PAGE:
Website security: part 1 of 2
Why your site might be at risk
Having an online presence is crucial for your business to attract new customers and keep up with your competitors. Your website isn’t just an outlet for your company though; it’s a potential security risk.
Why do people hack websites?
There are various reasons that people might want to hack your site:
- Customer data
One of the main reasons that your site might be targeted by a hacker is that your customer’s information is stored online. If you run an online store that allows users to create accounts or store their payment information, a hacker stands to gain if they can take that information from you.
Even if you don’t hold any payment information, it can still be worthwhile for a hacker to break in and take passwords and email addresses as many people use the same password across multiple websites.
- Using your server for other attacks
Just because you don’t store any customer information on your site doesn’t mean your site is secure. Hackers might try to hijack your server power so they can use it for attacks on bigger companies or for other more complex attacks.
This type of hack is one of the most insidious, as you might have no idea that it’s happening until your host shuts down the server due to hack attempts and subsequently takes your website offline.
- Planting malware
On the subject of hijacking – hackers might just want to use your site to spread a virus to all of your visitors. To spread malware, it is critical to have a website (or multiple websites) to store malicious scripts and files.
Obviously, they could buy and use their own servers, but it’s far less risky (and less expensive) for a hacker to just hijack your server for their own needs.
How do people infiltrate your website?
Some of the most common ways for people to break into your site involves taking advantage of vulnerabilities in the code.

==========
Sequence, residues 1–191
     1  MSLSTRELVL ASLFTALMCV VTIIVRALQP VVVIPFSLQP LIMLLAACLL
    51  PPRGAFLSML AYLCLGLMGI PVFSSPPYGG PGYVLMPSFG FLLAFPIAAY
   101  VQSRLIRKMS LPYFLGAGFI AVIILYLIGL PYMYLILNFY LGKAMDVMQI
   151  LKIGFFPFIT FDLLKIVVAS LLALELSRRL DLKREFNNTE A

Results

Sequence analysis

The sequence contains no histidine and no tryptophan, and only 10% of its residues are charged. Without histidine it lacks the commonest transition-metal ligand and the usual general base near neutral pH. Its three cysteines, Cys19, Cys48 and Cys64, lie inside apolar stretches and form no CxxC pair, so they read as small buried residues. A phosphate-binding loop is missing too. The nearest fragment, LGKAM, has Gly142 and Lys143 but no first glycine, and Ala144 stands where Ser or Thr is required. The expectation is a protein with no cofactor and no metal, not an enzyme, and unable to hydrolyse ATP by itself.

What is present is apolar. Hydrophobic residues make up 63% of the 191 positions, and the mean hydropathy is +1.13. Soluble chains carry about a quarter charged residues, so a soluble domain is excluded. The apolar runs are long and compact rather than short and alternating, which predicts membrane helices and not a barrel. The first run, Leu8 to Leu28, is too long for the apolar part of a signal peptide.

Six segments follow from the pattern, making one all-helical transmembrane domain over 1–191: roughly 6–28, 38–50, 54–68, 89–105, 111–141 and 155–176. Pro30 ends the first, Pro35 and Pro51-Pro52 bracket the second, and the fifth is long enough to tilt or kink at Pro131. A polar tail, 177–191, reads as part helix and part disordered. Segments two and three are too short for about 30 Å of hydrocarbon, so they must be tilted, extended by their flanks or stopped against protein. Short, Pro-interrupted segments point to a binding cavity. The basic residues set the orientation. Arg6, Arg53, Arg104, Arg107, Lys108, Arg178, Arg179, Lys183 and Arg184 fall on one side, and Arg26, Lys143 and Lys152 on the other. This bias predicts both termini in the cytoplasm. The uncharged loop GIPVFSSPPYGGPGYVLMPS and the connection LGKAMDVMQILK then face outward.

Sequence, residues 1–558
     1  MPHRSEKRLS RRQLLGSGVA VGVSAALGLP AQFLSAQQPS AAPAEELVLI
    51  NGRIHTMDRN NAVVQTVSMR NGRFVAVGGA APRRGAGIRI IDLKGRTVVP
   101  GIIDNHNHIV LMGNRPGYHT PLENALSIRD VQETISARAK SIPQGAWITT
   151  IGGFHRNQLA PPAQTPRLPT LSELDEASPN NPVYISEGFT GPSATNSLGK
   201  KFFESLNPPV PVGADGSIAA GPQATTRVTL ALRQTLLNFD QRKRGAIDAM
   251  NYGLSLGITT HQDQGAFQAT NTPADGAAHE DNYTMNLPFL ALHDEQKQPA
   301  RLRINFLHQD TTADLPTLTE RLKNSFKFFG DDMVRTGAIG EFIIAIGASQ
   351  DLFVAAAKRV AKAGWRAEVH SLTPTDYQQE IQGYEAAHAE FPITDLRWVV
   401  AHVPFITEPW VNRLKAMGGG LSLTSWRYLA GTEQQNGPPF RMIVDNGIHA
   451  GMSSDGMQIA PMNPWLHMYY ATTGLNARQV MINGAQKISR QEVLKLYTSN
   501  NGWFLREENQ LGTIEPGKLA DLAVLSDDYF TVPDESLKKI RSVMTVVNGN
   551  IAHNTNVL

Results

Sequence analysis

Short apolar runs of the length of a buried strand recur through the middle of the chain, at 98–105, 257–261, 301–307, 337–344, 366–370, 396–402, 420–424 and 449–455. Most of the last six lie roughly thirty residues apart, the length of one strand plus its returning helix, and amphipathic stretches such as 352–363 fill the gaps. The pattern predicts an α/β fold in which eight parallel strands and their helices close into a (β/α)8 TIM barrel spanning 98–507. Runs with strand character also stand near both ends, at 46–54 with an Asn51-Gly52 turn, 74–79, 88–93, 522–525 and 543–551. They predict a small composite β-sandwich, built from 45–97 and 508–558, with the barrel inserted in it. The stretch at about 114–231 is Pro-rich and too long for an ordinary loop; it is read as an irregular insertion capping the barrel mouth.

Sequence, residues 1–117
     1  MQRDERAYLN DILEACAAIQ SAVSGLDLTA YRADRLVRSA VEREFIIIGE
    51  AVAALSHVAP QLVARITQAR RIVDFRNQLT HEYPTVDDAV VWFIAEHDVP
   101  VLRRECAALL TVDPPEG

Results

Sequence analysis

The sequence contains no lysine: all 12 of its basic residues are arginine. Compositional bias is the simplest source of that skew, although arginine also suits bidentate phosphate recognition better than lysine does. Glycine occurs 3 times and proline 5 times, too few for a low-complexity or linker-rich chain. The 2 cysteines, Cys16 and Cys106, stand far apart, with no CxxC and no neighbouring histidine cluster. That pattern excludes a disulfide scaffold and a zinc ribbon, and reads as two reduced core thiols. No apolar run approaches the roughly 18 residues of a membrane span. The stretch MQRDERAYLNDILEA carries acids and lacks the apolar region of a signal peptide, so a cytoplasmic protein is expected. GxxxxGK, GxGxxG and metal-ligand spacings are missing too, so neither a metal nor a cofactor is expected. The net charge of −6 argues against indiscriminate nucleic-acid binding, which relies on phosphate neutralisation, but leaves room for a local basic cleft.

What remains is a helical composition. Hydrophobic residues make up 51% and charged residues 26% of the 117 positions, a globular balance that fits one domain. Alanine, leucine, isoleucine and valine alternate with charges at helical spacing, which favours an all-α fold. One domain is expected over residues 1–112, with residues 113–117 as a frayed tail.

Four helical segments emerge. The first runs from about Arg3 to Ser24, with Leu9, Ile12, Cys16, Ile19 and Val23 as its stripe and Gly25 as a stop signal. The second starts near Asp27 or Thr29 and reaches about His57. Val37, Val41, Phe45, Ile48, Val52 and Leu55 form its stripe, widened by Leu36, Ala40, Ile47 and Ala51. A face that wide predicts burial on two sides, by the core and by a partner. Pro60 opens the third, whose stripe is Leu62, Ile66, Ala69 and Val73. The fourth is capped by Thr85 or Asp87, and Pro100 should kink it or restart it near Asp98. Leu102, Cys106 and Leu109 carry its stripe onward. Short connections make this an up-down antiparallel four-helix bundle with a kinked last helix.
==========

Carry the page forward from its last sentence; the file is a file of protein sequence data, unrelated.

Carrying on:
It’s important to make sure contact forms are properly validated. This means that anything a visitor puts into the form is matched against a pattern or a rule for each field (e.g making sure that a valid email address is put into the ‘email’ field). Proper validation not only makes sure that you receive valid data, but also weeds out any malicious code that might have been put into your form.
Forms without validation are very common, and are a serious security flaw. Anybody visiting a website without a validated form can ‘inject’ code into it, simply by typing their code in and pressing ‘submit’.
- Content management systems
If your website is running on a CMS like WordPress or Perch (our personal favourite), a hacker might be able to intercept your pages as they load. When you’re browsing a website that’s running a CMS, there’s a process that the system goes through to fetch the page that you’re browsing:
1. You visit the page in your browser, which asks the website for the page
2. The CMS responds, and provides the page without content
3. The CMS then asks its database for the content that belongs on the page, and fills it in
4. The page is supplied to you, complete
In older or custom CMS systems, this system can be manipulated to fetch content from another page, or another site entirely. By doing this, a hacker can make your website run code that they have stored on another server. They can send themselves the contents of your database, or use this method to create malicious pages on your site that can direct your users to download malware.
Installing lesser-known or not-so-well supported plugins can open you up to more danger. Not only might you be installing a malicious plugin, but you might be installing plugins that aren’t well-coded and may unintentionally make your site unsafe.
One of the reasons we favour Perch is that, unlike WordPress, there are official Perch plugins and add-ons. These are developed by the people who developed the Perch system itself, and as such are well-built, properly secured and integrate with Perch without issue. On top of this, they’re also maintained and updated regularly, meaning that security flaws are ironed out quickly – one of the main issues with WordPress plugins.
If you have a webmaster or agency that works with you on your site, we strongly recommend discussing security and asking them to review your current website; it’s always good to keep your forms secure, your CMS up-to-date and to make sure you only have legitimate plugins on your website as there could be sensitive information (not to mention your online reputation) at stake.
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In part 2, we discuss methods to keep your site safe. Read it now